The study was conducted by researchers from the University of Pisa who observed around 109 men and women and divided them into two groups of "triggers" and "observers". The "trigger" group was responsible for instigating the yawns while the "observer" group responded by yawns of their own.
The researchers recorded over 480 yawns within the first three minutes after the instigating yawn by the "trigger" group and found that people were more likely to respond to the yawn if they knew the person.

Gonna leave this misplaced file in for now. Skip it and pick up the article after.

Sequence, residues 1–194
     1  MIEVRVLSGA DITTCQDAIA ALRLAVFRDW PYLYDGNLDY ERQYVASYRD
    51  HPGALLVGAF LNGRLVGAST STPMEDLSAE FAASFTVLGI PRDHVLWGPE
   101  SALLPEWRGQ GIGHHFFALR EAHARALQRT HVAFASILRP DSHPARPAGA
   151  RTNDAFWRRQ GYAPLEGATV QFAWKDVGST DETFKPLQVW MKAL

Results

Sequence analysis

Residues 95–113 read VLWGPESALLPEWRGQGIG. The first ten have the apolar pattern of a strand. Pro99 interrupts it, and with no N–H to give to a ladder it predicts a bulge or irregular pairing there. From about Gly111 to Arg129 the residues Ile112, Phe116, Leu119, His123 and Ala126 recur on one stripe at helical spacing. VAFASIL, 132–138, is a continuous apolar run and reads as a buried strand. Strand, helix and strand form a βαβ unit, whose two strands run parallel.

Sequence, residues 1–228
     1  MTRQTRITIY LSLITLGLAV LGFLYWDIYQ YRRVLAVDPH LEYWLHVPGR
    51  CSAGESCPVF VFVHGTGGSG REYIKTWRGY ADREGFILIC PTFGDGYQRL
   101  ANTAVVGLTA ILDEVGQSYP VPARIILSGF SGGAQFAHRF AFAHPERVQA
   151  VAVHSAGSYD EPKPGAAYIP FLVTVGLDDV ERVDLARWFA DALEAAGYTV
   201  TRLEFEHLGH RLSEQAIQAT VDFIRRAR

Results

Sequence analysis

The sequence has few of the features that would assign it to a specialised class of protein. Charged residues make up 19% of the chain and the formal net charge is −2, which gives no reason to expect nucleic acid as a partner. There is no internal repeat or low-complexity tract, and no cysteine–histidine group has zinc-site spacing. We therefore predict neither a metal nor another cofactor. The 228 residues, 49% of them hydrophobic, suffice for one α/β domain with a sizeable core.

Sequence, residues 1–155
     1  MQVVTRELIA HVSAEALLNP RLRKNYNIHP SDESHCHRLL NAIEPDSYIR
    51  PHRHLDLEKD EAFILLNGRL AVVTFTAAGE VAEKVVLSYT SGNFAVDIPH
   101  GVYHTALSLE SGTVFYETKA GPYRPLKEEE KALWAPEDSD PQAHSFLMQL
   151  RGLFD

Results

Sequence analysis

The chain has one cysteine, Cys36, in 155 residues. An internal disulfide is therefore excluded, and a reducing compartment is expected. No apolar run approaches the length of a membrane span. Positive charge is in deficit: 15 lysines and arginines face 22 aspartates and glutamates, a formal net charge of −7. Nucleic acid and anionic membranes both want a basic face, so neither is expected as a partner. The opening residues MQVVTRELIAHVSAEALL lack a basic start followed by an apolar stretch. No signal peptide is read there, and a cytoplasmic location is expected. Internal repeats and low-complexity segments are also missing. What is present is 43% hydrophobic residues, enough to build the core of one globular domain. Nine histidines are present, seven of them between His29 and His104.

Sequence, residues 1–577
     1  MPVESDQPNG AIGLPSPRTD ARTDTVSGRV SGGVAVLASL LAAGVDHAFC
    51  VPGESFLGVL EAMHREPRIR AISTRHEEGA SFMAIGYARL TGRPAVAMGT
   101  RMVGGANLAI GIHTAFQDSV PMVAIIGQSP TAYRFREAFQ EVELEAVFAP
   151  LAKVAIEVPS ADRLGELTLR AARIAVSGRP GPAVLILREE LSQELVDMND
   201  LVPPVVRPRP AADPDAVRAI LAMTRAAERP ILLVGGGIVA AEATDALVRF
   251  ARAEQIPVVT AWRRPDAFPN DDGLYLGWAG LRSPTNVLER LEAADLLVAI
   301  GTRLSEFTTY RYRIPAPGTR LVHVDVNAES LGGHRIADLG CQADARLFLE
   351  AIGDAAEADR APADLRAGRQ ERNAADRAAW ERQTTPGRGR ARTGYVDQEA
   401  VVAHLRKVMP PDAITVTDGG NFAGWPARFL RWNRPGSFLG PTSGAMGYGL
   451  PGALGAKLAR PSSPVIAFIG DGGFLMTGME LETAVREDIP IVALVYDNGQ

"Our results demonstrate that yawn contagion is primarily driven by the emotional closeness between individuals and not by other variables, such as gender and nationality. Related individuals showed the greatest contagion, in terms of both occurrence of yawning and frequency of yawns", the researchers wrote in their report.